–  Femoral Anteversion, Knee Position (Varum, Valgum,
Recurvatum), Foot/Ankle WB position
–  Miserable Malalignment Posture
(Andrish, Orthop Clin N Am, 2008)
Anterior Knee Pain l 12
4
Physical Exam: Observation
•  Static Alignment cont d
–  Common Clinical Measurement is Qangle
–  Q-angle
– Line connecting ASIS to center of
patella and line connecting center
of patella to middle of anterior tibial
tuberosity.
– Angle line thought to represent the
line of action of quadriceps force.
–  Normal varies from 10-22
degrees
– PFPS has been demonstrated to
be associated with a larger Q-angle
(Lankhorst NE. BJSM. 2013)
Anterior Knee Pain l 13
Physical Exam: Observation
•  Dynamic alignment
–  May exist during movement as a result of poor
muscular control
–  Can have patient step slowly up/down from 6
stool or single leg squats
– Presence of any abnormal movements of
patella as it engages into trochlea, any body
sifting, trunk rotation, loss of hip control.
– Excessive contralateral hip drop
– Hip adduction and IR
– Knee abduction
– Tibial ER, hyperpronation
–  Seated: J Sign : Lateral tracking of patella.
Anterior Knee Pain l 14
Physical Exam: Palpation
•  Seated exam
–  Surface anatomy is best appreciated with knee
flexed to 90 degrees
–  Retropatellar crepitus
•  Supine exam
–  Leg length discrepancy: >1cm adverse effect of
LE with running.
•  Correlate point of maximal tenderness
with underlying anatomical structures.
•  Swelling
–  Intraarticular effusion versus Prepatellar/
Infrapatellar bursitis
–  As little as 20 ml fluid can inhibit VMO fxn
Anterior Knee Pain l 15
5
Physical Exam: Review of a FEW Orthopaedic Tests
•  Patellar Tilt Test
–  Supine, Knee extended, Quad relaxed: Compare height of
medial patellar border to lateral patellar border. If medial border
is more anterior, then there is a lateral tilt.
•  Medial/Lateral Patellar Glide
–  Noting degree of movement relative to width of patella, > 75%
translation is hypermobile.
•  Patellar Compression/Grind
–  Direct compression into trochlea, contraction of Quadriceps
•  Patellar Apprehension Test
–  Apply lateral pressure to patella at 30 degrees flexion. Test is
positive if patient feels instability or pain.
Anterior Knee Pain l 16
Physical Exam: For completeness: Addtl. Orthopaedic Tests
•  Ober s
–  Flex knee 90 degrees and abduct, add hip
extension and release
–  Positive test has tightness through ITB, tight/
pain anterior hip is hip flexors.
•  Valgus/Varus stress at 0, 30 degrees
–  MCL/LCL sprain/tear
•  Anterior/Posterior Drawer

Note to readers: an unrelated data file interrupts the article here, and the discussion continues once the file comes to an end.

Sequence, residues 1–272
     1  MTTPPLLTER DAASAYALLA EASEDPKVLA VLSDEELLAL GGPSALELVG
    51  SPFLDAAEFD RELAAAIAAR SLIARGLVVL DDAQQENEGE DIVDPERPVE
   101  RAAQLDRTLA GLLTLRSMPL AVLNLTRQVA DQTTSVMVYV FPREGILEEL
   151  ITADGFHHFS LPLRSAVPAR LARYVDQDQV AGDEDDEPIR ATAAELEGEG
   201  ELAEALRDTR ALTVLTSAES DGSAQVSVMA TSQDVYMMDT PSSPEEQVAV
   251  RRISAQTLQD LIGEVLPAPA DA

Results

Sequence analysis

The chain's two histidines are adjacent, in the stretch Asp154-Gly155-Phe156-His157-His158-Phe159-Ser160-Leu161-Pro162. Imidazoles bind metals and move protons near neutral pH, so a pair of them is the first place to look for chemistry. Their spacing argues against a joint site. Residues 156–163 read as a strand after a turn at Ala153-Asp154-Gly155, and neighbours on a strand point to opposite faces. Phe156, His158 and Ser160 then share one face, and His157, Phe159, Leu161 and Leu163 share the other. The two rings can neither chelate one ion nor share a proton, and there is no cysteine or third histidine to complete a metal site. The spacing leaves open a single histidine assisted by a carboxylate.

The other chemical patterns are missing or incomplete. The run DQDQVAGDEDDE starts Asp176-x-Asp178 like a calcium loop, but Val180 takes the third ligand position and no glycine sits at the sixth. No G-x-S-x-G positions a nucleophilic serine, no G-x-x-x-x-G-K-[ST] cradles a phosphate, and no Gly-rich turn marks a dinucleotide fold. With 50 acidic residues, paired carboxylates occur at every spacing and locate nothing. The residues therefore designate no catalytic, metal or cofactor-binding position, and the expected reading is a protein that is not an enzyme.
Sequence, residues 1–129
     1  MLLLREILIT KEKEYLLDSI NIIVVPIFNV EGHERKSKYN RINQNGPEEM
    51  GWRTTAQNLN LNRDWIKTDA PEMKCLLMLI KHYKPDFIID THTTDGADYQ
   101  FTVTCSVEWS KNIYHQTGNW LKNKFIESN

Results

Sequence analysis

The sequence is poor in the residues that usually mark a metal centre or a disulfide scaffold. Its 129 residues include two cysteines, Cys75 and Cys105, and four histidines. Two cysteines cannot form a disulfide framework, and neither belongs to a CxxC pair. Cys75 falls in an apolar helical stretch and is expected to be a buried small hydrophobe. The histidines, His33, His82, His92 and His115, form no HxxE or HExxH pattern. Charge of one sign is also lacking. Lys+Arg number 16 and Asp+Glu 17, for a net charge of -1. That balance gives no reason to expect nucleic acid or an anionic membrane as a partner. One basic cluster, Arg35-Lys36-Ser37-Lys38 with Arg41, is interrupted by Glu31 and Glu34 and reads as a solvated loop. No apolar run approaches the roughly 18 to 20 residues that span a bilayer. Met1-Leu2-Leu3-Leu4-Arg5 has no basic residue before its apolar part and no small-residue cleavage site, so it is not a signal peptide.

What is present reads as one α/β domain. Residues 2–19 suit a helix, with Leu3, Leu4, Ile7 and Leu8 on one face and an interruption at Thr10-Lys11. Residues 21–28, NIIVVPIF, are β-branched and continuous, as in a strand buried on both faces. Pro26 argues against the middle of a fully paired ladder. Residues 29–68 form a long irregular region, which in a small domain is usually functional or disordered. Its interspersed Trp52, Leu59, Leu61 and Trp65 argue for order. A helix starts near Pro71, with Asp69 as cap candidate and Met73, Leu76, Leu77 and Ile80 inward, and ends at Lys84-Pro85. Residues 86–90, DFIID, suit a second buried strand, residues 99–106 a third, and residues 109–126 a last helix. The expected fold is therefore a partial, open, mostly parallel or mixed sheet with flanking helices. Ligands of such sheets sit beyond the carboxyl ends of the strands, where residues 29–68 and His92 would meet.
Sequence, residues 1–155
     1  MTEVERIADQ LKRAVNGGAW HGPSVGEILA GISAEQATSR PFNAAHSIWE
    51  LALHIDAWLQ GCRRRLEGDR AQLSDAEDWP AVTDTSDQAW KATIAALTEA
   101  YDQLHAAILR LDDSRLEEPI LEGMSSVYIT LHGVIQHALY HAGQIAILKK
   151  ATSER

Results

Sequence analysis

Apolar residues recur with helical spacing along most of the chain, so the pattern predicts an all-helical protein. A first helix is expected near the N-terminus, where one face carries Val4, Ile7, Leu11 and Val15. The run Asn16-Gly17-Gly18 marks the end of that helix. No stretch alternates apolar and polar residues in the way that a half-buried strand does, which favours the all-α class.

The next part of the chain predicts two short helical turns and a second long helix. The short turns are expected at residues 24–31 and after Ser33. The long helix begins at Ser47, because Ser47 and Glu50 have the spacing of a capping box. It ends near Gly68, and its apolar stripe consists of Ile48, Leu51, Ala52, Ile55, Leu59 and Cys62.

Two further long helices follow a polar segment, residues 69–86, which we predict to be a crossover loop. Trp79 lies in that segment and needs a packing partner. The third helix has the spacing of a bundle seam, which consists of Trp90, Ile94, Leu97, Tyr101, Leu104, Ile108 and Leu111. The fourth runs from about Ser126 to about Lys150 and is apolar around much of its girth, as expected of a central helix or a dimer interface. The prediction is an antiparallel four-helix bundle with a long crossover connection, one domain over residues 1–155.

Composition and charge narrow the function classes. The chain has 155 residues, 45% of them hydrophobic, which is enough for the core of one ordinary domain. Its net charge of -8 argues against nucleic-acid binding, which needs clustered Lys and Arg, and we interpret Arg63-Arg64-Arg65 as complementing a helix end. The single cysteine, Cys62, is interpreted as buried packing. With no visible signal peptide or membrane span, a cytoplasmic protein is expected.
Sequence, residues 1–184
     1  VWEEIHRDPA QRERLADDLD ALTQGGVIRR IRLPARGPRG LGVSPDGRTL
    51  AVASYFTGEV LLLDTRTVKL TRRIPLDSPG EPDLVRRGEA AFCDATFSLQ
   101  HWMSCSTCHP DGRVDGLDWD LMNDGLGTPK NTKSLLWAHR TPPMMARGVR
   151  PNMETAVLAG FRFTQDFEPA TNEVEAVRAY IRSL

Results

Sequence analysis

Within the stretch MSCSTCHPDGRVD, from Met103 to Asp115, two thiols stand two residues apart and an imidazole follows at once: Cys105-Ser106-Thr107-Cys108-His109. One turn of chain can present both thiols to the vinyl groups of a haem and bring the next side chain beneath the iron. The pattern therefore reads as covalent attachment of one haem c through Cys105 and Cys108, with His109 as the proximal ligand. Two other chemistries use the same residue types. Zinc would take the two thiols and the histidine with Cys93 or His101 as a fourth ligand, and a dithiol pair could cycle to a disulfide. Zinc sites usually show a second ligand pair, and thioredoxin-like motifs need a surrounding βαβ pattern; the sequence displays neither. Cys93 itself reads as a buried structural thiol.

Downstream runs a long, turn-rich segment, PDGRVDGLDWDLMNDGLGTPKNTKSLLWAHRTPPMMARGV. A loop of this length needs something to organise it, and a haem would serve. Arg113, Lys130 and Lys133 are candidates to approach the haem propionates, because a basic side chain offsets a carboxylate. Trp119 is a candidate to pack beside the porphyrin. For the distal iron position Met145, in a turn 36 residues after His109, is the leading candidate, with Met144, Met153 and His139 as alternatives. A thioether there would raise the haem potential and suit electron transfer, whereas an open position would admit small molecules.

–  ACL/PCL sprain/tear
•  Lachman, Pivot Shift, Bounce Home
–  ACL
•  McMurray, Apley Compression
–  Menisci
Anterior Knee Pain l 17
Hip/Lumbar Spine Exam; Neurovascular Exam
•  Hip Exam
–  Referred pain to the knee
including OA, SCFE, LCP
–  Assess gait pattern as well.
•  Lumbar Spine Exam
–  Referred pain from spine (L4
radiculopathy) to anterior knee.
–  History of LBP/intervention
–  Posterior knee pain, foot pain
•  Neurovascular Exam
–  Numbness/Tingling
–  Reflexes/Pulses
Anterior Knee Pain l 18
6
AKP Diagnostics
•  Radiology is an adjunct to H&P
•  Plain Radiographs: WB AP, Notch View, Lateral View (15 degrees
flexion), Merchant View (30-45 degrees flexion)
–  Rule out other sources for AKP: Loose bodies, Occult Fx, Tumor
–  Anatomical variants, Bipartite Patella
–  Patella height
–  Lateral Tilt/Patellar subluxation
–  Osteoarthritis
–  Trochlear Dysplasia
Anterior Knee Pain l 19
AKP Diagnostics
•  Computed Tomography (CT)
–  Further evaluation of Trochlear Dysplasia (presurgical)
– Tibial Tubercle-Trochlear Groove Distance
(TT:TG)
•  Magnetic Resonance Imaging (MRI)
–  MPFL/Retinaculum Tear (Patellar Dislocation)
–  Osteochondral Injury; Loose body
–  Patellar tendon; Extensor mechanism
–  Stress fracture/Insufficiency fractures
–  Ligamentous tear; Meniscal tear
–  Tumors
•  Bone Scan
–  Limited use: Stress fracture
Anterior Knee Pain l 20
Review of Common AKP Diagnoses
•  Patellofemoral Instability
–  Dislocation, Subluxation
•  Patellofemoral Pain
•  Patellar Tendinitis
•  Osgood Schlatter, SindingLarsen-Johansson
•  Synovial Impingement
•  Bursitis
Anterior Knee Pain l 21
7
Patellofemoral Instability
•  Dislocation
–  Complete, usually lateral displacement of patella from femoral trochlea
that persists until reduced, usually by extending knee +/- medial
pressure.
•  Subluxation
–  Transient partial displacement of patella from femoral trochlea; may
occur acutely, as in a dislocation, or may be transient. There is
spontaneous reduction of displacement.
•  Highest risk of acute patellar dislocations in 2nd decade
•  Recurrence Rates 15-44% after initial dislocation
•  Mechanism of Injury – Acute injuries
–  Valgus +/- Twisting with strong quadriceps contraction
–  61% Sports Related; 9% Dance Related
Anterior Knee Pain l 22
Patellar Dislocation/Subluxation
•  Predisposing Risk Factors
–  Variations of alignment and anatomy about PF, lower extremity
– VMO weak; VL hypertrophy, ITB tight, patella alta, trochlear
dysplasia, increased Q angle, pes planus, miserable
malalignment , Positive J sign
– (More easily seen in acute case on uninjured knee)
– Genetic predisposition, connective tissue d/o, Ligamentous laxity